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Rare-Earth Magnets J.D. Livingston Sixteen New Metals Whatever your specialty is in materials science, imagine how many years of new experiments you could plan if you suddenly learned that 16 new elements had been discovered. Materials scientists found themselves in a similar situation after World War II (even though they did not yet call themselves "materials scientists"). In their preface to the 1961 symposium report1 entitled The Rare Earths, editors F.H. Spedding and A.H. Daane wrote the following: "The availability in large volume of 16 new metals with rather distinctive new properties brought this book into being. We refer to the so-called rare earths and associated elements lanthanum, yttrium, and scandium, which total about one-fourth of our known metals. Here is a practically untapped source of unique metals. Elements such as cerium, lanthanum, neodymium, and yttrium are as abundant as lead and tin, and even the least common rare earths are more abundant than the platinumgroup metals and gold." Basic materials research in the 1950s and 1960s on these newly available metals led to the development of three generations of rare-earth magnets in the 1970s and 1980s. These magnets have found important application in a wide range of products, including motors and earphones, computers and printers, antilock brake systems, and magnetic-resonance imaging. The "so-called rare earths" ("socalled" because they are neither rare nor earths) referred to by Spedding and Daane are elements 58 through 71, the 14 4/ elements (of which only 13 are stable, prometheum being radioactive). Although most of these and the three chemically similar "associated" elements (La, Y, and Sc) were discovered in the nineteenth century, they were very difficult to separate. Prior to World War II, only a few were available in quantity, and they were not of high purity. I lowever one happy by-product of the Manhattan Project was improved separation f. methods for these elements. These meth•'• ods were commercialized soon after the war, making these "16 new metals" available in large quantities and high purity.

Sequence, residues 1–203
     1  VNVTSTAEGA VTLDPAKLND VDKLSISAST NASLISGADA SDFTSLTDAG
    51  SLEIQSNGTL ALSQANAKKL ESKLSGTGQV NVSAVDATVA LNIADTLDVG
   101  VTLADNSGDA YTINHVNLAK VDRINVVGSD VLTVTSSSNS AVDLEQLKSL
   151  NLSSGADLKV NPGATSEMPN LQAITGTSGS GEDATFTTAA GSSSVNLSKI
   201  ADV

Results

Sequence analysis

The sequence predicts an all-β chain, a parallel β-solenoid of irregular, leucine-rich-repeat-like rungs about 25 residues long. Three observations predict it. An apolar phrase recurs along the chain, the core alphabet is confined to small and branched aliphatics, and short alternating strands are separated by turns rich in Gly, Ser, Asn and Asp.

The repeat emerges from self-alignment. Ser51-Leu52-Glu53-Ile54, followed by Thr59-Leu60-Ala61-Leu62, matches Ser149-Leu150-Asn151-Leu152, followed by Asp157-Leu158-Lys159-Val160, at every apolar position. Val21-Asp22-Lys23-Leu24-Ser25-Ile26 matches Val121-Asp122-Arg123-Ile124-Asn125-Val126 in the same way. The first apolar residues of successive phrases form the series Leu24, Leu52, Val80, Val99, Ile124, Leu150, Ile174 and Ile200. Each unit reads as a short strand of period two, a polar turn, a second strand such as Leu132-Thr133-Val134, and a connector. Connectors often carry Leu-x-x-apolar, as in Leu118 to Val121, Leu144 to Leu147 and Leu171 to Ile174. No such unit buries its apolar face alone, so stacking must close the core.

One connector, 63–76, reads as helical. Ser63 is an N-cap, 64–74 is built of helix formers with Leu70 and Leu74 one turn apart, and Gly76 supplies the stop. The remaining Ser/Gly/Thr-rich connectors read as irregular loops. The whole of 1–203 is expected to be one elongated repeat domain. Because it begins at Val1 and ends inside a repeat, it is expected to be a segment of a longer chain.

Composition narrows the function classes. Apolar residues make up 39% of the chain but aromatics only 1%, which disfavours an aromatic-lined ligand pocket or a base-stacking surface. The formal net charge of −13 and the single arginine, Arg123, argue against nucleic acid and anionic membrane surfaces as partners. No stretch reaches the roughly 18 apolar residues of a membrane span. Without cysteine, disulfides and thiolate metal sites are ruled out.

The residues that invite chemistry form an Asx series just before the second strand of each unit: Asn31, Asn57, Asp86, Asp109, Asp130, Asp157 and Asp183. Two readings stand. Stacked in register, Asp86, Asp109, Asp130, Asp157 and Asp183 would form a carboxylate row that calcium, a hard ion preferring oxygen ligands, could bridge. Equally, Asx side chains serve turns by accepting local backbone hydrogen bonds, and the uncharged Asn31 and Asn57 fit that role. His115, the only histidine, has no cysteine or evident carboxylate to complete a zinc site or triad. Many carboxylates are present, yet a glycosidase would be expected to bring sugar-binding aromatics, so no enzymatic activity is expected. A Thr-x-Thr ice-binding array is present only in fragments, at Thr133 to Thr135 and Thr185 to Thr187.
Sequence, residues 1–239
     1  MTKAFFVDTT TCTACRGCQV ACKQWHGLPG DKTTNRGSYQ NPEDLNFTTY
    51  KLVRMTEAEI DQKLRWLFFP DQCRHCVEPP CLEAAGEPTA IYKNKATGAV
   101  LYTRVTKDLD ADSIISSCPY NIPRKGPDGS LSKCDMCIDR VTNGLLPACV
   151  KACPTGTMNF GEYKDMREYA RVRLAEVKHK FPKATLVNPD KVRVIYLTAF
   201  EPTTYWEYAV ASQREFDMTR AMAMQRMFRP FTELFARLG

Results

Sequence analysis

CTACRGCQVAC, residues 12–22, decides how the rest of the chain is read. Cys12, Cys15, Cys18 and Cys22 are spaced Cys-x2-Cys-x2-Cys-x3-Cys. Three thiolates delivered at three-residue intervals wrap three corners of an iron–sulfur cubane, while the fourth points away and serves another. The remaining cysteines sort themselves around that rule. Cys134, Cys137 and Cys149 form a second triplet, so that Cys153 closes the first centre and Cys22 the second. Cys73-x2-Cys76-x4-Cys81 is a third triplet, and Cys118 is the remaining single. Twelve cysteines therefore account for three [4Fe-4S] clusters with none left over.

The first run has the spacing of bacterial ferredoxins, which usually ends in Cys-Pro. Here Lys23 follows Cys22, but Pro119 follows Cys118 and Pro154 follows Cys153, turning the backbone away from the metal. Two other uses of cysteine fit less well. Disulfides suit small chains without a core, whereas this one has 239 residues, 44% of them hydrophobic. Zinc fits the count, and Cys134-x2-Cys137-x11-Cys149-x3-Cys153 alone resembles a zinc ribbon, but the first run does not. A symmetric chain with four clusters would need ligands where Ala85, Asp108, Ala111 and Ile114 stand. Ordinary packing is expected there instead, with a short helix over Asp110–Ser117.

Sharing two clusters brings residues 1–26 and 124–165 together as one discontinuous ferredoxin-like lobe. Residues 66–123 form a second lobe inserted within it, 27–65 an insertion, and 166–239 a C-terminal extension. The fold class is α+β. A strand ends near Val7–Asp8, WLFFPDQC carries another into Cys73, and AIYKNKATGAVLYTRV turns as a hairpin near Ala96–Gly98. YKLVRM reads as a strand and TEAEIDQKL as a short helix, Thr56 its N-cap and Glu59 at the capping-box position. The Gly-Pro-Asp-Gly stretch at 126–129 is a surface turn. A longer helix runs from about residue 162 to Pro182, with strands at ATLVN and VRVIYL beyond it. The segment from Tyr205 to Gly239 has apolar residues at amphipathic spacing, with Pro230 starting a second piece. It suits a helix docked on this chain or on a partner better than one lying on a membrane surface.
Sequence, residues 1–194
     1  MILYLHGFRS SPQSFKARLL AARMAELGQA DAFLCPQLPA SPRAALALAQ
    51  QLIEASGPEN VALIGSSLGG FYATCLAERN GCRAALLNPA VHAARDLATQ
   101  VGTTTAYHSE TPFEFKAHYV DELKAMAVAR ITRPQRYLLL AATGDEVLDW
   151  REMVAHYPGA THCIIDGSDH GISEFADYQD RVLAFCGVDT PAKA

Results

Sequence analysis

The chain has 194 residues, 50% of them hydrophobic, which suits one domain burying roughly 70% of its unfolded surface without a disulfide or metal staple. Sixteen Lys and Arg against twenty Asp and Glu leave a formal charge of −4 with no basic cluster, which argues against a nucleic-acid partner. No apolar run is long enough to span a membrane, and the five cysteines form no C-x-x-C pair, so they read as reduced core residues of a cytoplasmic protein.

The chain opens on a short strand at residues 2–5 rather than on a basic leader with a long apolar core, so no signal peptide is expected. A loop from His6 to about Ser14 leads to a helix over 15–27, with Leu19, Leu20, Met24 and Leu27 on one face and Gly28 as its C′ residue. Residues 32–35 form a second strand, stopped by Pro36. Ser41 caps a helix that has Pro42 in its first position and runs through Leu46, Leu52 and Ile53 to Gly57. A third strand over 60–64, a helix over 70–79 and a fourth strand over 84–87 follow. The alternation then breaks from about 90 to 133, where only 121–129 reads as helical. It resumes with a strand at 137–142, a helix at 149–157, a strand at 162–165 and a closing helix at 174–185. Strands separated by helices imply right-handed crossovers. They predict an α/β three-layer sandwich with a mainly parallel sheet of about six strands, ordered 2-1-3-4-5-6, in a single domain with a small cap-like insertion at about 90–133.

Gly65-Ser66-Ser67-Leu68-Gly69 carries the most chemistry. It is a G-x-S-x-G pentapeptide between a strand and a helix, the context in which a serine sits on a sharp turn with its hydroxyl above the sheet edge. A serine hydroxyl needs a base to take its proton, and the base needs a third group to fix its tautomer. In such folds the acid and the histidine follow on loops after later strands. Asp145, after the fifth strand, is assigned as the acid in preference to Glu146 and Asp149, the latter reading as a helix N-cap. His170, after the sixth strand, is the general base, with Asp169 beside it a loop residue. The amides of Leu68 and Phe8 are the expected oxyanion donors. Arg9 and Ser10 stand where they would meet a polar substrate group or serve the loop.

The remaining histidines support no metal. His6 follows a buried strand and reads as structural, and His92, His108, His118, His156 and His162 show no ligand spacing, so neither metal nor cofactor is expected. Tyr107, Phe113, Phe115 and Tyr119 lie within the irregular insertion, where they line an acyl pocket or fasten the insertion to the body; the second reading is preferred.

As used today, the term "rare earths" commonly includes the 4/elements plus La, Y, and, less frequently, Sc. The rare earths were of interest to the Manhattan Project largely because they were common fission products of uranium. Although these metals retain some applications in the nuclear industry, materials research in the 1950s and 1960s led to many other applications, the most notable of which being permanent magnets much more powerful than any previously known.

Early Magnetic Studies It was realized early that one of the most interesting physical properties of rare-earth metals was their high magnetic moments, resulting from unpaired 4/ electrons. Two rare earths—Dy and Ho—have the highest magnetic moment per unit volume of all the elements, more than 50% higher than that of iron. They and five other rare earths are ferromagnetic. That's the good news. The bad news is that their Curie temperatures are well below room t